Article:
Christopher Wood, global head of equity strategy at Jefferies
For equity portfolios to beat inflation
blues, investors should adopt a strategy of owning both growth and value stocks, suggests Christopher Wood, global head of equity strategy at Jefferies. Global fund managers, he says, should keep an eye on the five-year forward inflation
expectation rate in the US to get a sense of the timing of taper by the US Fed.
In the Indian context, Wood has picked up a stake in Bajaj Finance in his Asia ex-Japan thematic equity portfolio for long-only absolute-return investors. In August, he had increased his exposure to Indian equities by 2 percentage points (ppt) in the above-mentioned portfolio.
“Continue to recommend for equity portfolios a barbell strategy of owing both growth and value. Ultimately, the relative merits of both will be determined by the outcome of the current debate on whether the pickup in inflation
is transitory or not. Still even if it is not transitory growth stocks
will not be as impacted as negatively as they might otherwise be, at least initially, if the Federal Reserve and other G7 central banks favour policies of financial repression over monetary tightening in line with GREED & fear’s base case,” Wood wrote in his weekly newsletter to investors, GREED & fear.
Typically, a growth stock is of a company that generates substantial and sustainable positive cash flow and whose revenues and earnings are expected to increase at a faster rate than the average company within the same industry. On the other hand, value investing is an investment paradigm that involves buying securities that appear underpriced by some form of fundamental analysis.
At its Jackson Hole meeting recently, the Fed Chair Powell hinted at a taper in case the economic progress met the set targets. With the next meeting of the FOMC is on September 21-22, analysts say if the economy continues to evolve according to the Committee’s expectations, the US Fed is likely to give a more unconditional advance notice of the start of tapering.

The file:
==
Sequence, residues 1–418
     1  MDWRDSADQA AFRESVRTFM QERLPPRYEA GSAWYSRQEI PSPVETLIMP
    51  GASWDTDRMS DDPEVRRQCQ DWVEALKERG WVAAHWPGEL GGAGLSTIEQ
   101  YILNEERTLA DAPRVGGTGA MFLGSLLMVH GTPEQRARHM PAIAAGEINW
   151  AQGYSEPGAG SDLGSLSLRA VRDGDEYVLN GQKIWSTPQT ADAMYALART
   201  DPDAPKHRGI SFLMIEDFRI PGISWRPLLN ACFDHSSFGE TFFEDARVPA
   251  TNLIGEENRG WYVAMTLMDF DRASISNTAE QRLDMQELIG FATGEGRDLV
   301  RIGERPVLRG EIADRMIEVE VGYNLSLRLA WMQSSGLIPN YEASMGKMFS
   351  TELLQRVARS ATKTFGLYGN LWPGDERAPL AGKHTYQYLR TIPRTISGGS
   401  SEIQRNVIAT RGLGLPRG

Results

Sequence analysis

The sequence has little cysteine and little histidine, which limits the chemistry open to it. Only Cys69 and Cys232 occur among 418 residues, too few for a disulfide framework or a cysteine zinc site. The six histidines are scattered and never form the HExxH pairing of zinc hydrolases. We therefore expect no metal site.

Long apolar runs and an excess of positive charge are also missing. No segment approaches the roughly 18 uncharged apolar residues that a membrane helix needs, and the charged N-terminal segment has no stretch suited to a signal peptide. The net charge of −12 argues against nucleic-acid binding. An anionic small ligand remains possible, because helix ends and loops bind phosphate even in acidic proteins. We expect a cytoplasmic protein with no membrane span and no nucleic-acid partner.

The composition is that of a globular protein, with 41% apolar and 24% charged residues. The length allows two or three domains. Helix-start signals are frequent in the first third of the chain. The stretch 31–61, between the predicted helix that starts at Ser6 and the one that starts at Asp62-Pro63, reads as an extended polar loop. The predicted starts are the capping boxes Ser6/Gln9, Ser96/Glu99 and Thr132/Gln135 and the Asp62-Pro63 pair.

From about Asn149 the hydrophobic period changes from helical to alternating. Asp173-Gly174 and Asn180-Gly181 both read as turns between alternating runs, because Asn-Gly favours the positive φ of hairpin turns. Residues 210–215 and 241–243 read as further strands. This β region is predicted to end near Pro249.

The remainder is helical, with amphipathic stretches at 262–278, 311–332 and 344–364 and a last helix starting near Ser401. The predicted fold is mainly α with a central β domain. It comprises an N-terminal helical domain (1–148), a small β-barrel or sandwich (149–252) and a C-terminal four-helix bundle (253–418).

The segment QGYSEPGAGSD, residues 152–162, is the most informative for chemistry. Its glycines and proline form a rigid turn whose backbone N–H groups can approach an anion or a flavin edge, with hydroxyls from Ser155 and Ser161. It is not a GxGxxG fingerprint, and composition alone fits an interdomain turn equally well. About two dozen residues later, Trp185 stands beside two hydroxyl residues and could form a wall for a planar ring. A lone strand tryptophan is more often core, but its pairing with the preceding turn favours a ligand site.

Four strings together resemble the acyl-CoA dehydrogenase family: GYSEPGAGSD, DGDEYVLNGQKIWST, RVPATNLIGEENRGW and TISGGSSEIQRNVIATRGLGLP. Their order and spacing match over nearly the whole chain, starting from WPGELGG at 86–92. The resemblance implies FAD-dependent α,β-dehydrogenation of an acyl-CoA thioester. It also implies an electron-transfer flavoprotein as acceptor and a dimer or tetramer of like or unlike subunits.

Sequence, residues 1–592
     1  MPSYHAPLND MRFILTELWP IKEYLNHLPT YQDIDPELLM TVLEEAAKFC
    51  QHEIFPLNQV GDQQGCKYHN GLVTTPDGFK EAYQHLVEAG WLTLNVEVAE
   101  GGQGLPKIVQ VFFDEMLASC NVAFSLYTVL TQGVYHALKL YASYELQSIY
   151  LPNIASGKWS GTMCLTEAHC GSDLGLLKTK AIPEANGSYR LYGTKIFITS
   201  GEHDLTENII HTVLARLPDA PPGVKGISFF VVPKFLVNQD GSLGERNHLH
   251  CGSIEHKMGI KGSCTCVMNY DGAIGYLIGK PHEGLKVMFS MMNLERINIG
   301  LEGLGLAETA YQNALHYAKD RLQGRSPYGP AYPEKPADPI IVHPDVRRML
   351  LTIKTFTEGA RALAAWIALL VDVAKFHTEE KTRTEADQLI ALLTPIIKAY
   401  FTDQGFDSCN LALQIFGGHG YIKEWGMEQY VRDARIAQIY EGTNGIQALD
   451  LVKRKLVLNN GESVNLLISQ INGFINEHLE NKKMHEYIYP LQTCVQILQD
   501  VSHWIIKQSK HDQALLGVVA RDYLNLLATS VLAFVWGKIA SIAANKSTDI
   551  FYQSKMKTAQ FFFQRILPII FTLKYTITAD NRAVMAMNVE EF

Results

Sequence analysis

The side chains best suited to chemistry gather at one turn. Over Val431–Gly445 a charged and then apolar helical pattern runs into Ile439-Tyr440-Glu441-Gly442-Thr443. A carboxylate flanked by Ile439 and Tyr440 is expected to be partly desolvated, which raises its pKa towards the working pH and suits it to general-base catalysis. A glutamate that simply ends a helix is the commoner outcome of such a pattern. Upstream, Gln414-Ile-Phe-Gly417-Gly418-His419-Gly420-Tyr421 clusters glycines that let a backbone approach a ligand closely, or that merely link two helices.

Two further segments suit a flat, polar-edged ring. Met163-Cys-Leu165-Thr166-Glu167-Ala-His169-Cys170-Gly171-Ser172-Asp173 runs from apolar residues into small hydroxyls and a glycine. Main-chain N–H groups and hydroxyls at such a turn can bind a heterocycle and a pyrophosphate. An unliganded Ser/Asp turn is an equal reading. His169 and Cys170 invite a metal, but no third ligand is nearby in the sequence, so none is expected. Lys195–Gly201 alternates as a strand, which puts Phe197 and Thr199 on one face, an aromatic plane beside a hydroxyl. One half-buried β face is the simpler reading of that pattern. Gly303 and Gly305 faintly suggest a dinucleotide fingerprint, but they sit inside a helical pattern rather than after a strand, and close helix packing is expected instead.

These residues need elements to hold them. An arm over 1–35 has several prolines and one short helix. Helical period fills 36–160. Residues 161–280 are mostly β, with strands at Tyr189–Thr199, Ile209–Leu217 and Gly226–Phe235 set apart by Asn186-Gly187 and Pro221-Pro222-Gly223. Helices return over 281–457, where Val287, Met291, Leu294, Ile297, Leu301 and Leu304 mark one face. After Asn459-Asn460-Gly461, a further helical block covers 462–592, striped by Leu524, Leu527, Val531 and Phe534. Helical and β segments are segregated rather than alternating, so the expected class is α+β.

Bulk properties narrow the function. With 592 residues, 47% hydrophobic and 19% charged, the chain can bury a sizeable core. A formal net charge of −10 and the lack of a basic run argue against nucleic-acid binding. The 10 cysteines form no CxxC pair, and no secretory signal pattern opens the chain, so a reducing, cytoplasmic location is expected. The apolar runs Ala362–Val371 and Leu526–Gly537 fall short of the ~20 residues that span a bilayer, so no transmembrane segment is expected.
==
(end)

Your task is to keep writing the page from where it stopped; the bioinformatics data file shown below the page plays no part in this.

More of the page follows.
“This could be followed by a formal announcement of the start of tapering at the subsequent meeting in early November. If the economy disappoints, or too many threaten to dissent in November, the FOMC can still make this announcement at the mid-December meeting,” says Philip Marey, senior US strategist at Rabobank International.
Indian stock markets, Wood believes, are likely to underperform their global peers in case of a global risk-off triggered by a taper scare. Analysts at Julius Baer also share a similar view and say that the investors could favour safe-haven plays as the US Fed inches closer to tapering its $120 billion a month liquidity program.
“We think there is a case of sector rotation to play out, which may invite some profit booking in the sectors that have been big outperformers recently. In the very near-term, the commentary by the US Fed and news
flow related to the third wave of the pandemic will remain a source of volatility and opportunity for the markets,” says Milind Muchhala, executive director at Julius Baer.
Meanwhile, an August global fund manager survey by BofA Securities suggested that 84 per cent of fund managers expect the US Fed to signal taper by the year-end. In this backdrop, allocation to emerging market equities by leading global fund managers, according to BofA Securities, slipped 11 per cent month-on-month to a net 3 per cent.
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